Gianna is an associate editor of The American Journal of Managed Care® (AJMC®). She has been working on AJMC® since 2019 and has a BA in philosophy and journalism & professional writing from The College of New Jersey.
The implementation of the Smart Snacks in School standards in 310 public schools resulted in healthier dietary intakes among students compared with those without the standards, according to a JAMA study published January 15.
The implementation of the Smart Snacks in School standards (Smart Snacks) in 310 public schools resulted in healthier dietary intakes among students compared with those without the standards, according to a JAMA study published January 15.1
Smart Snacks is a set of guidelines that US schools participating in federal child nutrition programs were required to follow in 2014. The goal of Smart Snacks was to reduce total energy intake, consumption of solid fats and added sugars, and sodium intake. Smart Snacks is aligned with the Dietary Guidelines for Americans and science-based nutritional recommendations.
Overall, the standards resulted in a mean reduction of 53.9 kilocalories (kcal) from solid fats and sugars per day. Specifically, wrote the authors, “Adjusted mean daily kcal from solid fats and added sugars was significantly lower among students in states with laws (508.7 [95% CI, 463.0-554.4] kcal) than among students in states without laws (562.5 [95% CI, 534.3-590.8] kcal; difference, −53.9 [95% CI, −104.5 to −3.2] kcal; P = .04).”
Researchers believe these findings could support implementation of similar regulations at the national level to combat diet-related illnesses among children.
“Dietary intake is the primary modifiable behavioral risk factor associated with morbidity and mortality among people in the United States, with unhealthful dietary habits associated with cardiovascular disease, stroke, diabetes, and obesity....The 2010 [Dietary Guidelines for Americans] recommend that children, adolescents, and adults limit their intake of empty calories, which are commonly obtained by consumption of foods and beverages that contain solid fats and added sugars,” they wrote.
In recent years, rates of type 2 diabetes have increased in children, due in part to rising obesity levels. According to a study published in The New England Journal of Medicine, “After adjustment for age, sex, and race or ethnic group, the relative annual increase in the incidence of…type 2 diabetes was 4.8% (P <.001)” from 2002 to 2012.2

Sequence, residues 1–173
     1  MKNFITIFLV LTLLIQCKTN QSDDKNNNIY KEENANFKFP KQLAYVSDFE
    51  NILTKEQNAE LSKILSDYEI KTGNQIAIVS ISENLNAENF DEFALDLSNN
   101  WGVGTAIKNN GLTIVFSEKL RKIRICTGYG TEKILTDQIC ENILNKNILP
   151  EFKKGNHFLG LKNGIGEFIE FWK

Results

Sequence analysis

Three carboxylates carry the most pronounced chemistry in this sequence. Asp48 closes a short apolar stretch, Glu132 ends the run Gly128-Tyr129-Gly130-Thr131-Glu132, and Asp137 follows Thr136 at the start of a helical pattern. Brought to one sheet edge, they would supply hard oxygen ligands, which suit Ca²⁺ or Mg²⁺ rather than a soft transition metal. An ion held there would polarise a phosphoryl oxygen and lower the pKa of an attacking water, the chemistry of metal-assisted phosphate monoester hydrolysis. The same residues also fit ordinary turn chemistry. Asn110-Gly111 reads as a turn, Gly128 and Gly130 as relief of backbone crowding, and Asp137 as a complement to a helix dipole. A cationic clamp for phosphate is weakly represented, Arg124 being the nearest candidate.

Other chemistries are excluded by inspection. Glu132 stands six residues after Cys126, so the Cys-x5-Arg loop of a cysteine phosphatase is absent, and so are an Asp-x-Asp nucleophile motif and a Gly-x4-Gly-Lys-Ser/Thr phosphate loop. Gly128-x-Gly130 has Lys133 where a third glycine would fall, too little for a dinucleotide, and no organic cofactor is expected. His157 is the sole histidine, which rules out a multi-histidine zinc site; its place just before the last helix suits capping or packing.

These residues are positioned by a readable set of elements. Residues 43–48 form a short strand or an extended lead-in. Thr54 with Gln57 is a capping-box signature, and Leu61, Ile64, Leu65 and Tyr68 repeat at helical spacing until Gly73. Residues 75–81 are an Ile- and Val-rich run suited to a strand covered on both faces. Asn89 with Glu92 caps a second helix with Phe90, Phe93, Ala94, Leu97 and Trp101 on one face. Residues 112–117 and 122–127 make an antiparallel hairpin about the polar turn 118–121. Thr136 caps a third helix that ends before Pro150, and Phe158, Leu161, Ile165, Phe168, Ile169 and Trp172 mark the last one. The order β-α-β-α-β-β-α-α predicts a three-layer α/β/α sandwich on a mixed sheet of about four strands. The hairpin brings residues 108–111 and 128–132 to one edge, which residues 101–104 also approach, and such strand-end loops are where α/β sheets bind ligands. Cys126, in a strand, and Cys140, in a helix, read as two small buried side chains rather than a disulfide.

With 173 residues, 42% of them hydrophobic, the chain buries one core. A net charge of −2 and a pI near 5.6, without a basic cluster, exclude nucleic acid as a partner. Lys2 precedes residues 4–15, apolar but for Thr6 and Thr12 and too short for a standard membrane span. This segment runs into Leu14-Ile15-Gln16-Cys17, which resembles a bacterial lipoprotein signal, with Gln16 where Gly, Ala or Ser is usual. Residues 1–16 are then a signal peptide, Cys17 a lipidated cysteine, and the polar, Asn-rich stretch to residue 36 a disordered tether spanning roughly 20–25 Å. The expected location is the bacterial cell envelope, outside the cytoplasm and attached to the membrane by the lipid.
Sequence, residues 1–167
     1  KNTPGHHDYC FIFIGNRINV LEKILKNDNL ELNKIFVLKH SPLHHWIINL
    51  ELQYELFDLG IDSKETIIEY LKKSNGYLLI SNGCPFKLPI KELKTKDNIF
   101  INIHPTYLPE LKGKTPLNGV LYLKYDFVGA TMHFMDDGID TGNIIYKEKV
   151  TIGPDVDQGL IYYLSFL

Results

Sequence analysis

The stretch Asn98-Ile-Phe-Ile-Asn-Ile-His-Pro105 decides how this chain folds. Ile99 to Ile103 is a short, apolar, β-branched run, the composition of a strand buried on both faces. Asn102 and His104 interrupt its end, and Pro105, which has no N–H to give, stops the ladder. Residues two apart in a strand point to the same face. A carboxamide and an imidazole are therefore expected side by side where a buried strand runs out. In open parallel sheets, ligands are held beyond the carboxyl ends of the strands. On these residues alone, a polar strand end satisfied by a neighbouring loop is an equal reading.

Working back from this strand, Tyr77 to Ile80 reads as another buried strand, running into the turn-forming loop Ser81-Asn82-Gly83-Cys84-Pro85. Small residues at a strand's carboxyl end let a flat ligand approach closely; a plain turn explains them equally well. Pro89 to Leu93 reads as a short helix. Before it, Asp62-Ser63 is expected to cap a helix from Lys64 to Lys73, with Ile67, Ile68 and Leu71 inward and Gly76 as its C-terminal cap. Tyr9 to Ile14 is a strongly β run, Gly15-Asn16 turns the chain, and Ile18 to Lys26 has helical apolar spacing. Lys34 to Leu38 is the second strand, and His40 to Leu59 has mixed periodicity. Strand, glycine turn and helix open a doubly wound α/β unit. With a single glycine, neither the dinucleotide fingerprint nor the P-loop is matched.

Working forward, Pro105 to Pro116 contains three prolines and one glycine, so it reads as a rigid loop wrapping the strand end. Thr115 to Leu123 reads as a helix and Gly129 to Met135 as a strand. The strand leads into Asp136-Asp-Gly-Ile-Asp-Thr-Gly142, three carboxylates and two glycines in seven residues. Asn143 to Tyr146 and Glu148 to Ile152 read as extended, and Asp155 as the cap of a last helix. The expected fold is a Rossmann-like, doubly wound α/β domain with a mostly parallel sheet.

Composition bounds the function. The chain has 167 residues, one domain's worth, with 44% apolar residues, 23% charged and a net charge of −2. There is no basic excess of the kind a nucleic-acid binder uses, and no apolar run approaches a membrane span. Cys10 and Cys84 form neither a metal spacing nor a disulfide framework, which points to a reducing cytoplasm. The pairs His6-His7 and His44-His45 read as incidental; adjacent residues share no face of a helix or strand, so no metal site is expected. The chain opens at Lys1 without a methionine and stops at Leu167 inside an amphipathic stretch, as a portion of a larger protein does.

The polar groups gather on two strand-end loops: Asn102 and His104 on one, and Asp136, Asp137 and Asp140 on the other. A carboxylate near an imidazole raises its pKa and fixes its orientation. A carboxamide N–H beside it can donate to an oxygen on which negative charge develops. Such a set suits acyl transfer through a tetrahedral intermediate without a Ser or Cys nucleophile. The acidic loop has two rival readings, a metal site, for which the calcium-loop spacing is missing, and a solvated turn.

Improving diet is one way to prevent type 2 diabetes. Outside of school, the CDC recommends that families integrate healthy habits into children’s homelife. They suggest the following tips:
The Smart Snacks study collected data from 310 public schools in 30 states and Washington, DC. Seven states included in the study had a Smart Snacks law: Arkansas, DC, Florida, Georgia, Illinois, Mississippi, and Utah. In total, 1959 students between grades 1 and 12 were included in the study. The mean participant age was 11.9 years.
Solid fats and added sugars made up, on average, 25.7% of daily energy intake for students in states with laws and 28.4% of total daily energy intake in those without.
The 2015 to 2020 Dietary Guidelines recommend “no more than 10% of kcal daily from sugar and no more than 10% from saturated fat.” Researchers’ findings “suggest that more than 25% of daily energy intake was derived from solid fats and added sugars, with solid fats and added sugars consumption each over 10%.”
Although this reduction may not seem like a significant amount, researchers argue incremental changes made every day can have long-term effects.
“Studies have shown that over time, small changes in daily dietary intake can substantially improve health outcomes, including weight status and cardiovascular outcomes associated with consumption of solid fats and added sugars,” they said.
1. Turner L, Leider J, Piekarz-Porter E. Associations of state laws regarding snacks in US schools with students’ consumption of solid fats and added sugars [published online January 15, 2020]. JAMA Netw Open. doi: 10.1001/jamanetworkopen.2019.18436.
2. Mayer AJ, Lawrence JM, Dabelea D, et al. Incidence trends of type 1 and type 2 diabetes among youths, 2002-2012. N Engl J Med. 2017;376:1419-1429. doi: 10.1056/NEJMoa1610187.